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Old 06-05-2015, 08:26 PM   #11
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We tow our Trillium with a Honda Element. I just checked with my guy and he said our canoe is a 17 ft with the end squared off for an outboard (we use an electric one). No problems- can also fit a small kayak on top at the same time. The inflatable goes in the back of the car.
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Old 06-06-2015, 11:25 AM   #12
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I have a similar situation. The toyota is 17' long and the canoe is 16' long. I use a ladder rack on the passenger side, and it overhangs the side wall a little bit (easier to load). So...right turns were a concern until I tried it. I don't like the way half the canoe is unsupported in the front, so I'd recommend some sort of full over-the-cab rack where you could load the canoe from the front of the truck(with or without the trailer hooked up), and secure it well. Here's the rig:
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Old 06-06-2015, 11:57 AM   #13
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Thanks so much for all the helpful info; I'm feeling much more comfortable with the whole idea. We do have a cap on the truck, so it will have more support. Not sure how to go about loading canoe over the front though.
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Old 06-06-2015, 12:05 PM   #14
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Not sure how to go about loading canoe over the front though.
Nor I. I load and unload from the side. Would be easier if I had help.
From your description, it sounds like you want two racks on or over the cap.
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Old 06-06-2015, 12:08 PM   #15
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Hello Faith and welcome to the forum. I suggest a rack of any kind over foam blocks. Securing the canoe to the truck makes for a safer and more comfortable ride. My canoe is 16' long. Raz
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Old 06-06-2015, 12:59 PM   #16
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Well, my canoe is light, and it's not too difficult to walk it right on to the rack and off my shoulders.
The rack I have in mind for next year is like this:
Kargo Master Pro III Truck Bed Racks - Truck Rack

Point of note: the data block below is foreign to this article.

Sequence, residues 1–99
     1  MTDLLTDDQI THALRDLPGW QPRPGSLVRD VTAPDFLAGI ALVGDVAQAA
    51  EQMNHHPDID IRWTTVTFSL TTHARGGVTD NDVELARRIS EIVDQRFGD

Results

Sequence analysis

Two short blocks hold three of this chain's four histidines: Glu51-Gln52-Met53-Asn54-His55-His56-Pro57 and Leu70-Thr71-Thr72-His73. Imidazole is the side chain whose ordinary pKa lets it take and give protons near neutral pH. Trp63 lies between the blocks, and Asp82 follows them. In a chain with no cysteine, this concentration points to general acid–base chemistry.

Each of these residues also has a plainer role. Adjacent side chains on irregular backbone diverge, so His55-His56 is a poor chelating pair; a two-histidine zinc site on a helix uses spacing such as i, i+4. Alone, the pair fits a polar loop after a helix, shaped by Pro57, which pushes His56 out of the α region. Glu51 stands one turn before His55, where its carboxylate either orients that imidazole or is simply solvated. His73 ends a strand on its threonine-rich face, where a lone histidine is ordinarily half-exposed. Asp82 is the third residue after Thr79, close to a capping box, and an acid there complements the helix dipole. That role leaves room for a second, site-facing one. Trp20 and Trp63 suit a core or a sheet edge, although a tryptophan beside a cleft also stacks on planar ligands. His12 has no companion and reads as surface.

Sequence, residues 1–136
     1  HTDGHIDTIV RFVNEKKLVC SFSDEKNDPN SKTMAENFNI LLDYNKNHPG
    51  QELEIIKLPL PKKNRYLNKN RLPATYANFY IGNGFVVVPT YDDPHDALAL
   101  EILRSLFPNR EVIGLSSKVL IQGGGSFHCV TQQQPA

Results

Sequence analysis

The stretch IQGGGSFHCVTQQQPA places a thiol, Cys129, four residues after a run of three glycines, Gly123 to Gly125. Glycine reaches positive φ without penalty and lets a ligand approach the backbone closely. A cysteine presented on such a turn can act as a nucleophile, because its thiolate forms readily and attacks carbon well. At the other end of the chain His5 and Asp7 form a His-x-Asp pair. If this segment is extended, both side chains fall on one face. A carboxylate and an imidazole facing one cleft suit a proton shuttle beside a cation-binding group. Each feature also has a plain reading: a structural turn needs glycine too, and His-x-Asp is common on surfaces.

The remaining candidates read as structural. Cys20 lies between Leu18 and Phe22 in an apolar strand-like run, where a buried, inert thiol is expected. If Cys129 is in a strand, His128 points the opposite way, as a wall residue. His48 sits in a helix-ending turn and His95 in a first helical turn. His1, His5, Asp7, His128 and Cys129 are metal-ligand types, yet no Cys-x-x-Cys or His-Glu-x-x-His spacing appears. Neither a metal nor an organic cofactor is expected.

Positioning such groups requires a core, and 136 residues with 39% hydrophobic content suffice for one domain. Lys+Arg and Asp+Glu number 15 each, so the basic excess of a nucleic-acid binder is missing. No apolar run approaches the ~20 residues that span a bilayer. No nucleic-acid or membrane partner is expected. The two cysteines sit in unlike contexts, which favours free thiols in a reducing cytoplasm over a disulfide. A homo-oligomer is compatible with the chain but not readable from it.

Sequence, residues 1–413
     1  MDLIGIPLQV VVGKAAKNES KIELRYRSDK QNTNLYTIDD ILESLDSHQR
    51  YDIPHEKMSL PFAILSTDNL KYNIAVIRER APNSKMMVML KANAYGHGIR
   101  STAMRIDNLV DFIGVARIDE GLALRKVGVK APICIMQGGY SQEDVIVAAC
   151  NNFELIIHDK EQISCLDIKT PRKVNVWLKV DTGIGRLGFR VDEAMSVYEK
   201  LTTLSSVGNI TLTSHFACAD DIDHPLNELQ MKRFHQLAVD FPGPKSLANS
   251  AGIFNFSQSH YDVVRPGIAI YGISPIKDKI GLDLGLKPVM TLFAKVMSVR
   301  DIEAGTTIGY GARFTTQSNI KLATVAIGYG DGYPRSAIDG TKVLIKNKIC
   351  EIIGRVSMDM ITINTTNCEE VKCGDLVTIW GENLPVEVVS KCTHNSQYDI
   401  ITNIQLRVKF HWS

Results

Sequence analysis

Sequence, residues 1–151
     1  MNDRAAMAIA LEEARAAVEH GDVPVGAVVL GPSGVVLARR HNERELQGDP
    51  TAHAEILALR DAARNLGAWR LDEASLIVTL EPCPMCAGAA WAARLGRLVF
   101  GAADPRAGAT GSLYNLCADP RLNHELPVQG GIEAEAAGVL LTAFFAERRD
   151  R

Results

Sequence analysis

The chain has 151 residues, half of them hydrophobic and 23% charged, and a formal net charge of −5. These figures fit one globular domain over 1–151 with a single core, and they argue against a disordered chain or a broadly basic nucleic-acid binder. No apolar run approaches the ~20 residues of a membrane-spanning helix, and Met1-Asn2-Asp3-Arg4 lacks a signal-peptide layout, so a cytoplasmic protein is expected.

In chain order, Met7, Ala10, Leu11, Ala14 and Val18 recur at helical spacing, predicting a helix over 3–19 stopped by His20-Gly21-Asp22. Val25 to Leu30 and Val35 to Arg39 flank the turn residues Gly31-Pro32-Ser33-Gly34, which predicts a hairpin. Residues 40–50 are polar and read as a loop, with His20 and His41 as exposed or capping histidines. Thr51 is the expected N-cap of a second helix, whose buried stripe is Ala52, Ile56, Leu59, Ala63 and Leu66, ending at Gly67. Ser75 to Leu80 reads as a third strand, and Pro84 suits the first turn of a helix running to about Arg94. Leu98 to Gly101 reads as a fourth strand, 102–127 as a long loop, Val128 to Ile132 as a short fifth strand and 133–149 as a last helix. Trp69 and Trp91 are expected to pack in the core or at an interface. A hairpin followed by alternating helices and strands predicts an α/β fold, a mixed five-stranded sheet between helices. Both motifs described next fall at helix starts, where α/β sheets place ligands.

Another idea is this:
https://www.usrack.com/beachcomber_rack.php
Anyway, if your trailer is hooked up, you could walk in on from the front of the truck, resting the bow on front bar of the rack, and feeding it rearward. Rollers or foam pipe insulation would be a very good idea.

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Old 06-06-2015, 01:50 PM   #17
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I like that Kargo Master.
Now all I need is a truck.
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Old 06-06-2015, 03:38 PM   #18
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Gordon,

I can understand your concern for the current rack system. A large degree of the canoe's weight is on the front hanger, right in the middle of the canoe. Until you decide on which of the new mounting systems to buy, you may want to place a long 2 x 4 along the hangers so that there is more support forward along a greater length of the canoe.
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Old 06-06-2015, 04:31 PM   #19
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I've hauled my canoe using foam blocks, on a soft top Jeep Wrangler, factory roof racks, on Jeep Grand Cherokees and on my Toyota, a Yakima roof rack. All systems have worked well for me, as I believe the key is finding good solid tie down locations, especially at the front. The 2003 Tacoma had the chrome bumper package, which provided a well located hole on each side through which to pass the ropes. Then at the back, I used the Factory tie down points at the front of the bed. The ropes at the back are angled to keep the canoe from moving back, and the ropes at the front, angled to keep the canoe from moving forward.
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Old 06-06-2015, 05:42 PM   #20
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You often see people carrying a canoe tied like this \-------\. Rope from stern to rear of vehicle and from bow to front of vehicle. That keeps the canoe from going backwards, but there is nothing keeping it from going forward in a panic stop.
It should be tied /-------\ with a rope from a thwart to back bumper and from bow to front.